For more on corporate taxes, see Kyle's recent study "U.S. Multinationals Paid More Than $100 Billion in Foreign Income Taxes."
- How Much Is Your Cell Phone Taxed? New Study Has State-by-State Rates
How Much Is Your Cell Phone Taxed? New Study Has State-by-State Rates
State-Local Cell Phone Taxes Average 11%; Five States Top 20%
Washington, DC, February 18, 2011 - Taxes on mobile phones are significantly higher than many other common consumer items and are often hidden or obscured by state and local governments, according to a new analysis from the Tax Foundation. Included in the report are the following findings:
- The average U.S. wireless consumer pays taxes and fees of 16.26 percent, of which state-local charges average 11.21 percent.
- 23 states have average state-local wireless taxes and fees in excess of 10 percent; with federal taxes, some cell phone subscribers pay more than 20 percent in taxes.
- States favor the taxes because they can raise revenue in a relatively hidden way. For example, Texas sued Sprint because the company listed a state tax as a line-item in its bill, rather than hiding it from customers.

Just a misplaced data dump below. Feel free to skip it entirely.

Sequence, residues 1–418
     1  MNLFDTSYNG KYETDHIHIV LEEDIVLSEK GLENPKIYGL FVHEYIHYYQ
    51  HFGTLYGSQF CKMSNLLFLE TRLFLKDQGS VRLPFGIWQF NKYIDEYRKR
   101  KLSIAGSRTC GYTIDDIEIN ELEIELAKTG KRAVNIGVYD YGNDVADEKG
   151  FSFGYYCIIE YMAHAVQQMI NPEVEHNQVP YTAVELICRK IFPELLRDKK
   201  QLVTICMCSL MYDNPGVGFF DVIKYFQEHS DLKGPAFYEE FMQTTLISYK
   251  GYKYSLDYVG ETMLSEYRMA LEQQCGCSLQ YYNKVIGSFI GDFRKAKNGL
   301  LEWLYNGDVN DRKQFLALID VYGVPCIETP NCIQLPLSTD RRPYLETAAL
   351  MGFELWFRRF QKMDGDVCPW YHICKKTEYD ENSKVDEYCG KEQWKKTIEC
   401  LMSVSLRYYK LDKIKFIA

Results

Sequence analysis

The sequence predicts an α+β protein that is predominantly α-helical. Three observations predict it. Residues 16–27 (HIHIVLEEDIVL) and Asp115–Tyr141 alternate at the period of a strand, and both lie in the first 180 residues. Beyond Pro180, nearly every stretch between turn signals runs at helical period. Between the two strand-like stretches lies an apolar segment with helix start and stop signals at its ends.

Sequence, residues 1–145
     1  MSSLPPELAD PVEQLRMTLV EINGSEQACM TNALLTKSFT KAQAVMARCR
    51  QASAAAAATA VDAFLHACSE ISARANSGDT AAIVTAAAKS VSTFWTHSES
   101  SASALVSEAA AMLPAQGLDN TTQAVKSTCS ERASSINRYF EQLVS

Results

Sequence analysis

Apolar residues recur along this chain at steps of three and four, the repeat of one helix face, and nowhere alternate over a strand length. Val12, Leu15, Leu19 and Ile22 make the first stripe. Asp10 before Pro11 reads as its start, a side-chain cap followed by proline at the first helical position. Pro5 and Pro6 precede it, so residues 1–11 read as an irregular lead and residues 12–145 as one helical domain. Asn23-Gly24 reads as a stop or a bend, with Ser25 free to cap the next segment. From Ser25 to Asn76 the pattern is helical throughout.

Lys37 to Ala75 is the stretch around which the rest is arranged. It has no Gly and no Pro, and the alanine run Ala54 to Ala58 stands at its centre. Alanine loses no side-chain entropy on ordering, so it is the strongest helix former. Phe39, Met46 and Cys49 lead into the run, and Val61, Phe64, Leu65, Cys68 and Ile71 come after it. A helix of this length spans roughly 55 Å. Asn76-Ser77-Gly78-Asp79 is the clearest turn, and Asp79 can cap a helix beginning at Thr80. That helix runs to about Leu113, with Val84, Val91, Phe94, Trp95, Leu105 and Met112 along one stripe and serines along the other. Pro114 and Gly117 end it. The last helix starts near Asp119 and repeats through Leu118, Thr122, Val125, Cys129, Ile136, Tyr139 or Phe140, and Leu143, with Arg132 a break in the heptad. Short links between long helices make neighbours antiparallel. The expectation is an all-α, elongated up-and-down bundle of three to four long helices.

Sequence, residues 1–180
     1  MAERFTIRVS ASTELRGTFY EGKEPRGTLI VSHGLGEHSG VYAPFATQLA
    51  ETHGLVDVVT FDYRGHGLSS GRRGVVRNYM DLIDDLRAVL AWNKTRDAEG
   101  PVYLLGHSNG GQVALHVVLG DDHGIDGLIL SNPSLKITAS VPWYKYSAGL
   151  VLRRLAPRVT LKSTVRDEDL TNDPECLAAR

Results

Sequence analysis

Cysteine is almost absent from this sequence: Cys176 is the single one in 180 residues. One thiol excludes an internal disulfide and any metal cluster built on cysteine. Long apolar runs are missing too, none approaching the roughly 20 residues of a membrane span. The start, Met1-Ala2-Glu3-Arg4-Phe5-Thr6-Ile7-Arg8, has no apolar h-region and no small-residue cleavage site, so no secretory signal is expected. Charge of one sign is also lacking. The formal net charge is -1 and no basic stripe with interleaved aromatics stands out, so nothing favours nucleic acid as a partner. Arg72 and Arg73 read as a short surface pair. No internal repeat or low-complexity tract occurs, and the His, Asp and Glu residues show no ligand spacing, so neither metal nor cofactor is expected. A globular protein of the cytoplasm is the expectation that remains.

- Universal Service Fund (USF) charges are modest in most states but particularly excessive in Nebraska and Kansas, where they exceed 4 percent of the wireless bill.
- Cell phones are taxed at a much higher level than other consumer items, even as much as or more than alcohol or cigarettes. In Nebraska, the combined federal-state-local average rate is 23.69 percent, and in four other states (Florida, Illinois, New York, and Washington), it exceeds 20 percent.
- Notably among local jurisdictions, Baltimore, Maryland imposes a $4 per line per month tax on wireless users, on top of federal and state charges. Nearby Montgomery County, Maryland imposes a $3.50 per line per month tax. These per line charges are especially burdensome on low-priced "family share" plans.
Legislation entitled the Cell Phone Tax Moratorium Act that would restrict excessive state and local wireless taxes has been regularly introduced in Congress.
"Cell phone users are overtaxed relative to consumers of other goods, and at risk of double taxation," writes study author and Tax Foundation Director of State Projects Joseph Henchman. "Additionally, the wide number of taxing authorities and the wide variety in rates makes tracking problematic and burdensome."
Tax Foundation Fiscal Fact No. 259, "States Target Cell Phones for Stealth, Burdensome Taxes," is available online.